Do you think that Avis/Hertz will be able to replicate Enterprise’s success in the local car rental market? It’s hard to believe that Avis/Hertz would be able to replicate Enterprise’s success (at least in the near term) in the local car rental market. Given their current dominance in the market, relationships with auto shops/dealerships/insurance companies, and reservation system’s direct interface with insurers, Enterprise is the most well positioned car rental company for discretionary and insurance repair/replacement rentals. Dominance – Enterprise initially sacrificed investment in the airport market in order to dominate the local market. With its 6,000 branches, one wonders how Avis/Hertz would begin to match Enterprise’s footprint? I imagine this could only be accomplished via substantial capital investments on the parts of Avis/Hertz coupled with initial price breaks for customers in order to tear business away from Enterprise.
This action, however, would eat into the profitability of said market. Additionally, Avis/Hertz would have to compete with the burgeoning car sharing industry. These obstacles appear to be too significant to overcome so late in the game. Relationships – The ties established between Enterprise and the auto shops/dealerships/insurance companies are deeply rooted and well founded. In order to convince these institutions that an Avis/Hertz relationship would also be beneficial (or would be superior to Enterprise’s), a compelling sales pitch would need to be made. What can Avis/Hertz offer these institutions that Enterprise isn’t currently providing? The products/services of all three-car rental agencies appear to be of equal quality (if not a slight edge given to Enterprise), so what is the end benefit of new relationships to auto shop/dealership/insurance company?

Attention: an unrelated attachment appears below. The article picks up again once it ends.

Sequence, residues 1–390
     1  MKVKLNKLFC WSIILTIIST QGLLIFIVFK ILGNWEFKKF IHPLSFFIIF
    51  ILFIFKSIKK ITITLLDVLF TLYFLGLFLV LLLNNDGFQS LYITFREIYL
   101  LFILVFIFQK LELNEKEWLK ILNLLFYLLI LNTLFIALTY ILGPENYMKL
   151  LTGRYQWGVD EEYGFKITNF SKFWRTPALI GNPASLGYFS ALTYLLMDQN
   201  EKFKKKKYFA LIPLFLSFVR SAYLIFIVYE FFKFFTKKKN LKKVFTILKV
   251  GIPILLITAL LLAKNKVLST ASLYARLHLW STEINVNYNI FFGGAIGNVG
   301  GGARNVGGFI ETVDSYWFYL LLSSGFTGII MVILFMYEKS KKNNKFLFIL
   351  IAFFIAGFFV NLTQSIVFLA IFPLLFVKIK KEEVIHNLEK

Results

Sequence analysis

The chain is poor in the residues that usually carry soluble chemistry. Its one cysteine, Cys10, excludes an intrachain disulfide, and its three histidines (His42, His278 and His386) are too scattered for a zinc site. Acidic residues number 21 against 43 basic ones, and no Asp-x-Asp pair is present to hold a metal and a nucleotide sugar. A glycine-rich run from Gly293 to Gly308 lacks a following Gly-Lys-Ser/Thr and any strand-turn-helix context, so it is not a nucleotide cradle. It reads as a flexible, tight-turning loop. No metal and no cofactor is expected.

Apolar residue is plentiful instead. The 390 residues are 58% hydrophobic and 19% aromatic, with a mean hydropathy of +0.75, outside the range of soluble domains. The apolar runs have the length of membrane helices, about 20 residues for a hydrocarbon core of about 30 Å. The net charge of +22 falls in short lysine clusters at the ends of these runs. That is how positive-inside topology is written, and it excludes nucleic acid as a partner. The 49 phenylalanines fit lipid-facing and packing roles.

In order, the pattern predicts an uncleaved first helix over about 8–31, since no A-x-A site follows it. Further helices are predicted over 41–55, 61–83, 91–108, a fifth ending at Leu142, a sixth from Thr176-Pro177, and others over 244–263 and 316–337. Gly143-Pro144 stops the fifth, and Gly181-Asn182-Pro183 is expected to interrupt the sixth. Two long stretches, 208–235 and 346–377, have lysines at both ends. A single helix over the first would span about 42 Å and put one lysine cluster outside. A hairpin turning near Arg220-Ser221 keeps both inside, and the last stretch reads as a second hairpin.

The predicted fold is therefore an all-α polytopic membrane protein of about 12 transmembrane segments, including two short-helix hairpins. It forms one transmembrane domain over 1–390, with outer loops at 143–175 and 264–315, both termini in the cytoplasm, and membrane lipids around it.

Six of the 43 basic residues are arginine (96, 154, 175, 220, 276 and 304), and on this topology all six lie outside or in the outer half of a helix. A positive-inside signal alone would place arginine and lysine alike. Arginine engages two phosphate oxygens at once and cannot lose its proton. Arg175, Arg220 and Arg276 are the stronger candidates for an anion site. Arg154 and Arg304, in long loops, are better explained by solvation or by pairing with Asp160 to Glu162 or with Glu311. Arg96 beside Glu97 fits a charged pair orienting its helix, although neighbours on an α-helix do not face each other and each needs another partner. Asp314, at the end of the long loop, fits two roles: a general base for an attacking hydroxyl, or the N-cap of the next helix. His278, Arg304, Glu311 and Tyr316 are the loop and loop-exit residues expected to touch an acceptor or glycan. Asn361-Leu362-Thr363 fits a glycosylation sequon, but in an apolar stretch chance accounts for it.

Interface – The case does not quantify any initial investments made by the insurers to develop the reservation interface, but one must assume the investments were substantial (either measured in capital or time). In order to be profitable/dominant in the local market, Avis/Hertz would either have to abolish these ties, establish new ones (assuming there are untapped institutions), or run their systems in parallel with Enterprise’s. The latter appears to be most likely, and that could result in profit erosion, as Avis/Hertz would likely have to reduce prices in order to gain market share.
I question whether an auto shop/dealer/insurer would even want to train employees how to use a competitor’s system, unless there is a substantial upside in doing so. Side note: My only reservation in giving Enterprise sole competitive advantage in this space is their apparent penchant for risk. By handling all of its own vehicle sales, has Enterprise merely been lucky or are they simply more skilled at the buying/selling of their fleet? Given Enterprise’s long-term success, one must assume the latter…
Courtney from Study Moose
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